Blogger: JP Morgenthal
When I ask customers who in the organization is responsible for leading their organization's BPM initiative, the answer is often IT. There are many reasons for this response, but the main reason is that a large number of organizations focus on BPM from a tools perspective.
The correct answer to the question posed in the title is there is no correct answer; it's different for each organization. However, all to often, the requirement to modify, build or buy systems in response to business process improvement, ingrains IT in way that limits the business from fully owning the aspects of BPM that need to be governed by the business.
This is a thorny issue that I am hoping I will have time to address more fully in an upcoming report, but just thought I'd jog down a quick blog entry that discusses ownership roles within my five-step plan for BPM, which are: 1) baseline, 2) document, 3) analyze, 4) model, and 5) implement. Within this five step plan there's a set of shared responsibilities across IT and business, including tool selection. Indeed, there's different tools that will be used at each one of these steps and one vendor may not be the right supplier for each step.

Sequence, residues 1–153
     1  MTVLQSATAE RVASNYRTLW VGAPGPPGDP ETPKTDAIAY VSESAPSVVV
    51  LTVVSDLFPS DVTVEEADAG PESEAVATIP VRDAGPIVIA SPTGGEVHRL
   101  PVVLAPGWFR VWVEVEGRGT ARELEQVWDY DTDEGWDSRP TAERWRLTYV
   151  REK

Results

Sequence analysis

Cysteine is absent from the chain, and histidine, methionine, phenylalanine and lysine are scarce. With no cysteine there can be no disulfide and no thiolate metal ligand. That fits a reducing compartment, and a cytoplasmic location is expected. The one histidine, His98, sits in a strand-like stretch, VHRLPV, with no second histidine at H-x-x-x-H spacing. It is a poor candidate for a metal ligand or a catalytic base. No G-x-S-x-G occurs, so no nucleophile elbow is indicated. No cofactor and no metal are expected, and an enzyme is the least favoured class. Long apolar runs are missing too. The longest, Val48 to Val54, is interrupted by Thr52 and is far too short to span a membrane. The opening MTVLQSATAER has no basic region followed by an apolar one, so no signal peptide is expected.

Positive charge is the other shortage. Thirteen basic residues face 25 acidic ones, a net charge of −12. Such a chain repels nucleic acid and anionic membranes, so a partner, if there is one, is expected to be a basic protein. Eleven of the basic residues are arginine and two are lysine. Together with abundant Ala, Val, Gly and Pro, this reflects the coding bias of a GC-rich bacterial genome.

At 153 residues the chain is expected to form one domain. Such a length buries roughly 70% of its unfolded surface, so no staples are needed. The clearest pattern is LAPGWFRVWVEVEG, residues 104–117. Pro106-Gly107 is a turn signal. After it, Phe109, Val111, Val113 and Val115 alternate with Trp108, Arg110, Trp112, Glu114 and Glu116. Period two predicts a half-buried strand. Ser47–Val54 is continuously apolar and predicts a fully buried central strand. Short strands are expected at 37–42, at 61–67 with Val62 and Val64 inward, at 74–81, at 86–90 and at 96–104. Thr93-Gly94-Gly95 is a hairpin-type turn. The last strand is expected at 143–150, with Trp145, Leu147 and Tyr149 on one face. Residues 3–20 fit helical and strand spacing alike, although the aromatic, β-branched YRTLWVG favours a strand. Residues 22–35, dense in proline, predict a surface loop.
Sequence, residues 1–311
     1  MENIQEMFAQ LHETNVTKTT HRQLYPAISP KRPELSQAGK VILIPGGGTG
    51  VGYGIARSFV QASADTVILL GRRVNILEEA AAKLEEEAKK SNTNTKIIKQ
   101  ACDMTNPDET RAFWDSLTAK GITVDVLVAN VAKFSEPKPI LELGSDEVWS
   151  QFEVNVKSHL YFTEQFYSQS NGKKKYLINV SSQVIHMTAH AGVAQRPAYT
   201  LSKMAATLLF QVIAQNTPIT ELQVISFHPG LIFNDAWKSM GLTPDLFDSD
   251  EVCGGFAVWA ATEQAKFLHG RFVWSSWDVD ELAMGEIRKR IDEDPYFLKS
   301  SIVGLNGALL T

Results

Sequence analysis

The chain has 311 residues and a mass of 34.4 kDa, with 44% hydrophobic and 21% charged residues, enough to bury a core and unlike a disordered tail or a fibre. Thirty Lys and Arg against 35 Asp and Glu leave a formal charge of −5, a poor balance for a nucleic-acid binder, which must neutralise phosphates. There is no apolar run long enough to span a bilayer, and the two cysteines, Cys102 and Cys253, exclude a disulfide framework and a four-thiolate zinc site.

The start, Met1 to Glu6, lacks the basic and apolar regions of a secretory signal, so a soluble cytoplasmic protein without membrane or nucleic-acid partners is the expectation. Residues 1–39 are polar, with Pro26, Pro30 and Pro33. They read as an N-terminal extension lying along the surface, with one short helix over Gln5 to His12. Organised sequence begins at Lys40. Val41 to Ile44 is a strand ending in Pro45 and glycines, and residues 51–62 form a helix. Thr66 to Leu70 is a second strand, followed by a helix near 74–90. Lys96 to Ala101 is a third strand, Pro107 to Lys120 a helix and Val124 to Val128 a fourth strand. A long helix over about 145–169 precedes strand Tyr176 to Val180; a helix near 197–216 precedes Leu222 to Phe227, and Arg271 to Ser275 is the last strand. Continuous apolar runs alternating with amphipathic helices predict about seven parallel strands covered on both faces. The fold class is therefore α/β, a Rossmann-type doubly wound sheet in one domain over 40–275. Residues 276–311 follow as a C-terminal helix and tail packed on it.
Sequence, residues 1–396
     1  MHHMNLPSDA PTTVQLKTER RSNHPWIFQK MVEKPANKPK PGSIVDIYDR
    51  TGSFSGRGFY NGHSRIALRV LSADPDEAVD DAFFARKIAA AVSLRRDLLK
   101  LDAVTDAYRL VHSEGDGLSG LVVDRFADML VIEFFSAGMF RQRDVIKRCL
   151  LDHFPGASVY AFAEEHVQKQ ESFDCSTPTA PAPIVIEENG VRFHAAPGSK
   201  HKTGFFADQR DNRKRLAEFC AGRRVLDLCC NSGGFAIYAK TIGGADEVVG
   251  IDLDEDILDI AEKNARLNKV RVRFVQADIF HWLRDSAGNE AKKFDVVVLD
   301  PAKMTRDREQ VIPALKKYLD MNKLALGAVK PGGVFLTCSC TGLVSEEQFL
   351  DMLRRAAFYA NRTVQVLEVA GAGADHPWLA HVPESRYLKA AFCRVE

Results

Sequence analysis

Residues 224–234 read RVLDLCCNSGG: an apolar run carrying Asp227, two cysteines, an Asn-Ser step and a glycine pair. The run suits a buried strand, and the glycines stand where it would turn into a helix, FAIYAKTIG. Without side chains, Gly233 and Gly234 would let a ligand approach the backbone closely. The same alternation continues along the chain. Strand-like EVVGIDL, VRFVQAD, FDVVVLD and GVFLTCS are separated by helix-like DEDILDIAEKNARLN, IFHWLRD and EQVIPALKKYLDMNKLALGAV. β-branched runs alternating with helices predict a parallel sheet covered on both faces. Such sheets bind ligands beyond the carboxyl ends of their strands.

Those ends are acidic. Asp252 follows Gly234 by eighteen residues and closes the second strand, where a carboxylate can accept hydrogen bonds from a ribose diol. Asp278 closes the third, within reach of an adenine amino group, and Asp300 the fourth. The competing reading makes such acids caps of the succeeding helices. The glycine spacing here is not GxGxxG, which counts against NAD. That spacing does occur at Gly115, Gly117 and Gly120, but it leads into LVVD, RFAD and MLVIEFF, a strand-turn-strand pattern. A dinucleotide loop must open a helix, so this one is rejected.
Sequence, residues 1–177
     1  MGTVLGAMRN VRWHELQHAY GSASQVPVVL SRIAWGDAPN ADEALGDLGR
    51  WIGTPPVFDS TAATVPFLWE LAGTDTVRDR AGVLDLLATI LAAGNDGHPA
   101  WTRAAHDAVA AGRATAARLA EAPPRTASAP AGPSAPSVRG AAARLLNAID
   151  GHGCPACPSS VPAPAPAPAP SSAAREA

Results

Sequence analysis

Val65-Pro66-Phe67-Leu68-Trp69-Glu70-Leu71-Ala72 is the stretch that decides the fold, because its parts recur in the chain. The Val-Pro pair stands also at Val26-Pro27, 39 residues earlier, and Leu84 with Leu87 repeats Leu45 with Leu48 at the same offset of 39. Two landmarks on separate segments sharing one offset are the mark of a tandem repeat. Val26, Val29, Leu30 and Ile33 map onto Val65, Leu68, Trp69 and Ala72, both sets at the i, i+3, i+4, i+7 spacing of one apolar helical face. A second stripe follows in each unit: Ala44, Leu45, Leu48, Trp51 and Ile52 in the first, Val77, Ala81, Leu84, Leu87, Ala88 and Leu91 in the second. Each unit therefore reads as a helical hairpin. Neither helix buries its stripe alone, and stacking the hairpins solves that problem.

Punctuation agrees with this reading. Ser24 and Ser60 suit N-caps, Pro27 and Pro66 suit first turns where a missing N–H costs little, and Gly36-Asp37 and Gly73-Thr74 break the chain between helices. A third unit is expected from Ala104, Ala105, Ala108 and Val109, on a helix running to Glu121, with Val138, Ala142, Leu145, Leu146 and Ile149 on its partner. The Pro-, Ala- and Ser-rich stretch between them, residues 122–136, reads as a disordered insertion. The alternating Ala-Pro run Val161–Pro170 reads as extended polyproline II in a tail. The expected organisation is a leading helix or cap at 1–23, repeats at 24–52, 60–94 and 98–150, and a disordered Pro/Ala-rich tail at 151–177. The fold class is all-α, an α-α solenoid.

BPM success is predicated on the fact that organizations recognize that the business process is itself a business object. It is not a facet of the business that is managed independently, but is a coordinated effort of people and machines. Moreover, the two most important aspect of BPM to remember are: a) The most straightforward and simple approach is often the most effective and b) sometimes the current process, while awkward and inefficient, may be the best approach for the time being.
Hence, it is important for those engaging in a BPM initiative to remember, the tools are not the focus of the effort, but a means to an end. Treat the business process as an independent entity that requires the support of many business departments and work as a cross-functional team to ensure that the right expectations for the initiative are set and understood. Following these very basic suggestions can mean the difference between BPM success or failure.